On all ages comics, rape, and Amethyst, Princess of Gem World.
This is a pretty hairy topic, I won't lie, but there is this pervading sense of...pollyanna-ism in comics commentary that I find to be incredibly anti-intellectual, and therefore quite offensive. I feel compelled to say something about it, and hope you do to, whether you agree or disagree.
In this week's issue of Amethyst, issue 0, writer Christy Marx and artist Aaron Lopresti do a wonderful job developing a small cast of characters, hinting at a great big mythology, and establishing a direction for the book's future.
They also depict an attempted gang rape.
Chris Sims, noted Batmanologist and frequent contributor of Comics Alliance (a spectacular resource) is...anything but pleased. One might even venture to say he's livid.
I read the same book and, to be honest, I just don't understand the problem.
As if it had to be said, rape is horrible. Absolutely, obviously, life alteringly horrible.
But it's also REAL. Rape happens, the threat of rape is a very real one that girls of all ages have to live with, and insofar as these books are instructive parables, I don't see how having a very non-exploitative or sensational representation of an attempted gang rape (they never got her sweater off), one that was stopped immediately by an extremely empowered female...I don't see how this is something to loathe.
At some point it feels like anything even remotely serious or edgey in comics gets a backlash, especially from middle aged white males who tend to overcompensate for their privilege by becoming hyper-PC without actually examining WHY they are PC. These issues? They can be handled with care, with delicacy, and this was. There was nothing sensationalistic or raw about this. Women face challenges that men, generally speaking, do not and one of them is sexual vulnerability. It's worth showing that, especially when it's presented like this, especially when it's about your female hero defeating it. This was a scene of empowerment; of a self possessed, smart, savvy woman defeating and denying the base urges of small minded men.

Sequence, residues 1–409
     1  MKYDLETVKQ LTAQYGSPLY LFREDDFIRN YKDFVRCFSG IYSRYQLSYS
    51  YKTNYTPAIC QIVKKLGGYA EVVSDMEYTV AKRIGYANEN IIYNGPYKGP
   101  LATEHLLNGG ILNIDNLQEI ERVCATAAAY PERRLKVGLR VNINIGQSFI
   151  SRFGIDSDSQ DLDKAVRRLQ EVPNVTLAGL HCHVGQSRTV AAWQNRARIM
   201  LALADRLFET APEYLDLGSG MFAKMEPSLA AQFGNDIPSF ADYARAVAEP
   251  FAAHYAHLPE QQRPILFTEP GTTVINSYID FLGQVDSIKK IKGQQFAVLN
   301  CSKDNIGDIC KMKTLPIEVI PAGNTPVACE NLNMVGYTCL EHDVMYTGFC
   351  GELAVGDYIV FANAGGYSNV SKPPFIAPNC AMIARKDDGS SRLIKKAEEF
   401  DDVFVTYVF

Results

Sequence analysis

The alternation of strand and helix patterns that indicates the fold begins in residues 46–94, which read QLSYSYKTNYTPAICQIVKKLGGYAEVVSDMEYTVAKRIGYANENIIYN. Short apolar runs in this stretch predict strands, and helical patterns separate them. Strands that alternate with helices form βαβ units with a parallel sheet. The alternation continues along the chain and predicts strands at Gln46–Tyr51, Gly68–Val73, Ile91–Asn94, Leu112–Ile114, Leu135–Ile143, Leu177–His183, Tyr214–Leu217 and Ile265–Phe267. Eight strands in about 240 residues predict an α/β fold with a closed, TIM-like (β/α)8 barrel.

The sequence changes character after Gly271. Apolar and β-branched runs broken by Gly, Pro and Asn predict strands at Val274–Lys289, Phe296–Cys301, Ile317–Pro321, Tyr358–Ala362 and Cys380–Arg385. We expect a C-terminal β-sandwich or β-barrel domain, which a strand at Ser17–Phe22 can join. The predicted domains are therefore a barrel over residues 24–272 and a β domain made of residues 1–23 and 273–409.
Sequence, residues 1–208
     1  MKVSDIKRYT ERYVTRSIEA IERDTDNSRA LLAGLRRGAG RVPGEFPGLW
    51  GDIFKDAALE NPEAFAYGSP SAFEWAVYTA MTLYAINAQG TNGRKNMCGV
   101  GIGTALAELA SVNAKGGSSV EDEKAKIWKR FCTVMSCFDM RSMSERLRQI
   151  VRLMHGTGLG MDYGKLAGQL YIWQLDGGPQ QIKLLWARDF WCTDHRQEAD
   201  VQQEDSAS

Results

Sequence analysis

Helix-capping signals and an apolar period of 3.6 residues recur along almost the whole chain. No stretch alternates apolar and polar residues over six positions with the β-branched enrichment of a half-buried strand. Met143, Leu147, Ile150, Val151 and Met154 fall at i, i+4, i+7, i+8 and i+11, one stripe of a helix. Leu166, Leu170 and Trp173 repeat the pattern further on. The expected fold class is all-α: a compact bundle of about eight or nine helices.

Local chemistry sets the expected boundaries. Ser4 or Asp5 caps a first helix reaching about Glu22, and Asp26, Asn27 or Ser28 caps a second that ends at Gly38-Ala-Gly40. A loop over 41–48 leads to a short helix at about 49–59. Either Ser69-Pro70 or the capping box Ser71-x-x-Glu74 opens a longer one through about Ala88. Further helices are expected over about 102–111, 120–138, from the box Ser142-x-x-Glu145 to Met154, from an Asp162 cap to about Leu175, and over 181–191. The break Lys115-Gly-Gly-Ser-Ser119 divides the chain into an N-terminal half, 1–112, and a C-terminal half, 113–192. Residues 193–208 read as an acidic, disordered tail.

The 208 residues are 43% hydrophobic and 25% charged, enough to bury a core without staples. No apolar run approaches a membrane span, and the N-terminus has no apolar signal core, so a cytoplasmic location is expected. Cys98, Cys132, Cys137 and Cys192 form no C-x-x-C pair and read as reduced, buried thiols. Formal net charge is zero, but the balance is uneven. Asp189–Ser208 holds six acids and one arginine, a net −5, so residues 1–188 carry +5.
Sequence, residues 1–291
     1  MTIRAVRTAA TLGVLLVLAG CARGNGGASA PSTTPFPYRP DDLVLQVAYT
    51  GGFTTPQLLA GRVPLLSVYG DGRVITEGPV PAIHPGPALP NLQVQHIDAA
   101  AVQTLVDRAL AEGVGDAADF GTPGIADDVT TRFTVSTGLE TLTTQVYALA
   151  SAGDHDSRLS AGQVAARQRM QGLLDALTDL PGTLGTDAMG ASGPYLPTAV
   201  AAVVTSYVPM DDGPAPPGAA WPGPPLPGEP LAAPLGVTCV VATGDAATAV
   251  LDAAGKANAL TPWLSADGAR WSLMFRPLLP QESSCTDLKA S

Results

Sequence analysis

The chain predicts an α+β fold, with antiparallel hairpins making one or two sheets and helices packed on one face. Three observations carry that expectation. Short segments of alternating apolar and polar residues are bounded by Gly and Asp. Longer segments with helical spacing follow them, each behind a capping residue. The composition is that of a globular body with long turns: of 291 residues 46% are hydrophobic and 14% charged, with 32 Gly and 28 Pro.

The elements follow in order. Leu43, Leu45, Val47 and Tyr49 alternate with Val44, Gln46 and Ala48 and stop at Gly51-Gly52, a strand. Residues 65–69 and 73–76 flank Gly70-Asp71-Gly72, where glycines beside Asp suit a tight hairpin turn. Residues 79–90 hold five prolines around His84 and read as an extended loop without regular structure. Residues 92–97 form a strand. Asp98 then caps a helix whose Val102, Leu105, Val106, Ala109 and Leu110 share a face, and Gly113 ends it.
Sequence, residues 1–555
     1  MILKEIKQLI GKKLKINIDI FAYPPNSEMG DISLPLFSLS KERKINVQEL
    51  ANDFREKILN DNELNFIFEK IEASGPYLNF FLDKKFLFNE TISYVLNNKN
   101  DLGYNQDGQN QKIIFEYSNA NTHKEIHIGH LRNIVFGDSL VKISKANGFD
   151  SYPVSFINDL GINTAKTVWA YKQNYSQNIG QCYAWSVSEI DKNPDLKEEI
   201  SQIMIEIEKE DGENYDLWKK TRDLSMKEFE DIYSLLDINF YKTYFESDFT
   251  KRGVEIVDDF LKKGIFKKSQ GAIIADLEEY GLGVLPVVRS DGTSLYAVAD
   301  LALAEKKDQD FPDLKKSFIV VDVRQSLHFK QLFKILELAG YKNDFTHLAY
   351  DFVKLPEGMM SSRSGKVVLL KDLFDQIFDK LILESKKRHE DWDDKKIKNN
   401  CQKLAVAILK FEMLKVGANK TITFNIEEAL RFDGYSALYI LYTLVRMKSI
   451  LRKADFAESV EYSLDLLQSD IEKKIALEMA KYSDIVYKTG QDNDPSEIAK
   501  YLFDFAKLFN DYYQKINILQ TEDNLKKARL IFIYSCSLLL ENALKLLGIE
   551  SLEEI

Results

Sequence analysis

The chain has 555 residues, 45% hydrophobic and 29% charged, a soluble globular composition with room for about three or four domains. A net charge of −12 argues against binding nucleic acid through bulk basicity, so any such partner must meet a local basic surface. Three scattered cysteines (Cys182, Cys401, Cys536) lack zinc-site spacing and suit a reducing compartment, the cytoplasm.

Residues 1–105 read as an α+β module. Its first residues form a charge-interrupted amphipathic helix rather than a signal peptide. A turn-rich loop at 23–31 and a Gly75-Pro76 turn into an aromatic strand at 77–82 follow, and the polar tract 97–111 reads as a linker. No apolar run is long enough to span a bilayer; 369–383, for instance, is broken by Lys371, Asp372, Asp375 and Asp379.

This was not about darkness. This was not about 'edgeyness'. This wasn't about turning this book into Uncanny X Force, with a bunch of whiney, self flagellating hypocrites. It was a choice, a deliberate one, and I think it was appropriate for a book aimed at speaking to a female reader. This is an issue that is on the mind of many females out there, written by a female, resolved by a female. Sims has every right in the world to express his opinion, but a little self reflection might do him some good. From his words and his tone, as much as one can read into tone on the internet, there is this sense that women and girls have to be protected from the
issues that they face; I find that to be extremely paternalistic at best,
misogynistic at worst.
I've reproduced the entire scene below, so that you can make your own judgements, rather than just going by the rants and raves of white men.